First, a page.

Belgian ports have the wind in their sails
National Bank of Belgium presents its latest economic impact study
Brussels / Antwerp / Ghent / Ostend / Zeebrugge / Liège 11 March 2019 — According to a new economic impact study of the National Bank of Belgium, direct value added at the Belgian ports rose by 7.3% in 2017 to € 19.4 billion (current prices). Indirect value added was € 15.9 billion. After the decline between 2012 and 2015, direct employment at the Belgian ports was up for the second year in a row. In 2017, the number of direct full-time equivalent jobs (FTE) rose by 0.8% to 116 311. Indirect employment is 1.2 times the direct employment figure, at 138 468 FTE.
In 2017, direct value added increased by 7.6% at the Flemish seaports from € 16 165 million to € 17 394 million. Direct value added rose significantly at the ports of Antwerp and Ghent, by € 662 million and € 518 million respectively. The developments at the ports of Zeebrugge (€ +32 million) and Ostend (€ +17 million) were also substantial.
The chemical industry, which accounted for 32% of direct value added at the port of Antwerp, was mainly responsible for the increase at the most important seaport of the country. Nevertheless, the contribution to value added growth by the fuel production and cargo handling sectors was also significant.
The increase at the port of Ghent was attributable to higher amount in the metalworking industry which generated 24.2% of direct value added at this port. The positive figure at the port of Zeebrugge was driven by the road transport and the ‘port construction and dredging’ sectors. The metalworking industry, which accounted for 36.2% of direct value added at the port of Ostend, was mainly responsible for the increase at this port.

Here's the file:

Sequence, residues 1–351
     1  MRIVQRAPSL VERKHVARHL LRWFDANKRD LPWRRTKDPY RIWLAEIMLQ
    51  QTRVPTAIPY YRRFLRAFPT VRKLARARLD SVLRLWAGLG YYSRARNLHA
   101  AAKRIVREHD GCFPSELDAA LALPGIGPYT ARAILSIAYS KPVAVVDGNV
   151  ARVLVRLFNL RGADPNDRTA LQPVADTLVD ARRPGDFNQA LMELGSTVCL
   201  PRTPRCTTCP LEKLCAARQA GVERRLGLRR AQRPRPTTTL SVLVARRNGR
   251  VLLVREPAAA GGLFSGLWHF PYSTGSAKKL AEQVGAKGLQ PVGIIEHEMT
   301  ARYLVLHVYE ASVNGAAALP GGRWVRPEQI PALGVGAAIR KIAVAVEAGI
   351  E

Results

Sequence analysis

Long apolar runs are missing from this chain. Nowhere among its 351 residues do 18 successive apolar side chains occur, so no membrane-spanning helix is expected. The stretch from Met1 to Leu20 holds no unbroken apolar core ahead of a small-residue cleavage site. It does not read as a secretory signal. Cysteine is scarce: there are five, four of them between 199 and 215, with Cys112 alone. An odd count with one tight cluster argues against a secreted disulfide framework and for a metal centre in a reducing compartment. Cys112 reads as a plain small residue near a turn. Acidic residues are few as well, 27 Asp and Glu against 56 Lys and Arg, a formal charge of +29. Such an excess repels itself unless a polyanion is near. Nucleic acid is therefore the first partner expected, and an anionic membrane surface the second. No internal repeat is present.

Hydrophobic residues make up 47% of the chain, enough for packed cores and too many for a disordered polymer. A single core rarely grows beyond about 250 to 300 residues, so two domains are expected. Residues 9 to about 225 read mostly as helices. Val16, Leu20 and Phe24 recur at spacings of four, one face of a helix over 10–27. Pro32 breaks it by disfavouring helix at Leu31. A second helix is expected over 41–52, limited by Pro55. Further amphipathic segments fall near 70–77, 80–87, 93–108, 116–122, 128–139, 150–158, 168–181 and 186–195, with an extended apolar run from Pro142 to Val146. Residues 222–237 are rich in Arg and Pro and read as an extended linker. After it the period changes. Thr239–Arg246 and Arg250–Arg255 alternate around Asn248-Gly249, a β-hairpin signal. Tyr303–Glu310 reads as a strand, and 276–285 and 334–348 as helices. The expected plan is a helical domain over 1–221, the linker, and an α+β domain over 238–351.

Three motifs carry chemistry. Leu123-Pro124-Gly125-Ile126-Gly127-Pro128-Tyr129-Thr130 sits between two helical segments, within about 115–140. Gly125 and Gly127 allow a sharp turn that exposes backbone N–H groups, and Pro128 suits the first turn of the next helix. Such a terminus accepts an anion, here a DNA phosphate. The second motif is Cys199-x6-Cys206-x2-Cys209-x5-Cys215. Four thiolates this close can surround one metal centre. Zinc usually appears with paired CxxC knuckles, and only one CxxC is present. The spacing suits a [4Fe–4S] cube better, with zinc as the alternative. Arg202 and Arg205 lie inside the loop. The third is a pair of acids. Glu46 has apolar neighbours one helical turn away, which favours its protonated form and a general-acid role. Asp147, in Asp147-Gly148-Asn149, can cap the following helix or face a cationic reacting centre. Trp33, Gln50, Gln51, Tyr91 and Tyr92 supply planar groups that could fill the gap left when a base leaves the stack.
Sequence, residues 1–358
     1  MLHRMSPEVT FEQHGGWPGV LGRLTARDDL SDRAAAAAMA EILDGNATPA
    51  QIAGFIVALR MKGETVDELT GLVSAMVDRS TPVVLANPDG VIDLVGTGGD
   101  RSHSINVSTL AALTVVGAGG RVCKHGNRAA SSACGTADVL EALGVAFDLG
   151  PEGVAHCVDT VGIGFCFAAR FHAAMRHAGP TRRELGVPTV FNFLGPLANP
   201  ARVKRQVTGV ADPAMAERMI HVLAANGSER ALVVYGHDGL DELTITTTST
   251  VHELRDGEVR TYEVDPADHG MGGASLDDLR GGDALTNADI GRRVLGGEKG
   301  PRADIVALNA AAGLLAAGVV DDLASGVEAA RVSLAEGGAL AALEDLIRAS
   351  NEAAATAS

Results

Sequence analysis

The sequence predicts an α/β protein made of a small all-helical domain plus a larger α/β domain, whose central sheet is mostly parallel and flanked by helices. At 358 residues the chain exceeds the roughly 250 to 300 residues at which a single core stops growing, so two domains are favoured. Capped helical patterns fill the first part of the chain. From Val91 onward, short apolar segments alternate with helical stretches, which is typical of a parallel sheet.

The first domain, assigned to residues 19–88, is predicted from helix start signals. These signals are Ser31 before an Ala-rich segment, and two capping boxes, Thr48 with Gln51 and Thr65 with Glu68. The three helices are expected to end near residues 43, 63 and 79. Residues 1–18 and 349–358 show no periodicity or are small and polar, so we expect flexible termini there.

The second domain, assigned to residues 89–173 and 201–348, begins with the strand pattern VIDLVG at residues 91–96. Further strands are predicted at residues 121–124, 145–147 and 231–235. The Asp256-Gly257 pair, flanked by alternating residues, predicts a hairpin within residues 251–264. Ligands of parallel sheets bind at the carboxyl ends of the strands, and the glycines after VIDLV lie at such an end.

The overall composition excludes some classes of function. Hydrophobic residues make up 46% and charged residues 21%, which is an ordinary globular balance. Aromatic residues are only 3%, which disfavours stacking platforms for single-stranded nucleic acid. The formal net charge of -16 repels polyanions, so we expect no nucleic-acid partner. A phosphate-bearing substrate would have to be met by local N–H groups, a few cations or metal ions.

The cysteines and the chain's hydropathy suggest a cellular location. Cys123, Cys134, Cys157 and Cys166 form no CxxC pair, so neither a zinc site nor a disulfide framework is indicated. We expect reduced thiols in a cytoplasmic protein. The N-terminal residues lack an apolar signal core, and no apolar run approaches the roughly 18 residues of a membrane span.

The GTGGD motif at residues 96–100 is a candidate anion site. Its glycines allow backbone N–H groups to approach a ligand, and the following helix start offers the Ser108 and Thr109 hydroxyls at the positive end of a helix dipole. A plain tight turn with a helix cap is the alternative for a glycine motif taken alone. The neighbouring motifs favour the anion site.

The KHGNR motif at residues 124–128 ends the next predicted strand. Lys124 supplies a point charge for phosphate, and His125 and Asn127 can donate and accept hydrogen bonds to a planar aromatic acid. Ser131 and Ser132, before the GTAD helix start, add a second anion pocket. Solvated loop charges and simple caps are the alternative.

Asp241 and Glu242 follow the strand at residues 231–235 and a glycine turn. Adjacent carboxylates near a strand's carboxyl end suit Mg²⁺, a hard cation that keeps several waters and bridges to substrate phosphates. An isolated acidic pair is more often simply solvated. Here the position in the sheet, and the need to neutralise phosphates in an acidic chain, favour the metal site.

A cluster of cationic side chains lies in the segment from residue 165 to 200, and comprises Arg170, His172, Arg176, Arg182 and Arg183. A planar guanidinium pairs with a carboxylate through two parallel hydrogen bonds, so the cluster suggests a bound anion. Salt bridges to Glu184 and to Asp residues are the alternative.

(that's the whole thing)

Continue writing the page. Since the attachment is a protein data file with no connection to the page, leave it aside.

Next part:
In 2017, direct employment increased by 1% at the Flemish seaports, from 103 563 to 104 612 full-time equivalent jobs. There was job creation at the ports of Antwerp (+721 FTE), Ghent (+285 FTE) and Zeebrugge (+101 FTE). The port of Ostend showed a small decline (-59 FTE).
In terms of direct employment, the cargo handling sector and the chemical industry were the largest sectors at the port of Antwerp, with a share of 24.9% and 17.8% respectively. In the port of Ghent, the car manufacturing (33.2%) and metalworking (21.4%) industries were the largest employers. In the port of Zeebrugge, cargo handling and the public sector were the biggest employers, with shares of 31.4% and 14.4% respectively. In the port of Ostend, the metalworking industry and the public sector were the leading employers, with a share of 29.4% and 15.7% respectively.
In 2017, direct value added increased by 4.6% at the inland ports Brussels and Liège, from € 1 887 million to € 1 974 million. Direct value added increased by € 115 million at the port of Brussels, while the Liège port complex registered a decrease of € 28 million.
The positive evolution at the port of Brussels is attributable to the ‘other logistic services’ sector, which accounted for 62.9% of direct value added. The reduced value added at the Liège port complex was largely due to the energy sector.
In 2017, direct employment at the inland ports as a whole fell by 1.2%, from 11 838 to 11 699 full-time equivalent jobs. The Liège port complex recorded a limited increase (+29 FTE), while the port of Brussels showed a decline with 168 FTE.
The limited rise in employment at the Liège port complex was mainly due to the ‘other logistic services’ sector. The reduction in employment at the port of Brussels was attributable to the trade sector.
Increased direct investment
In 2017, direct investment at the Belgian ports increased by 2.4%, from € 4 711 million to € 4 825 million. There is no information on the nature of these investments, so their indirect effects are difficult to estimate. The port of Ghent and, to a lesser extent, the Liège port complex where the only contributors to investment growth in the Belgian ports.
Delving deeper into the data and trying to explain the above trends in terms of the structural composition of the Belgian ports shows that all ports are concentrated on a few sectors, and within those sectors often on just a handful of companies.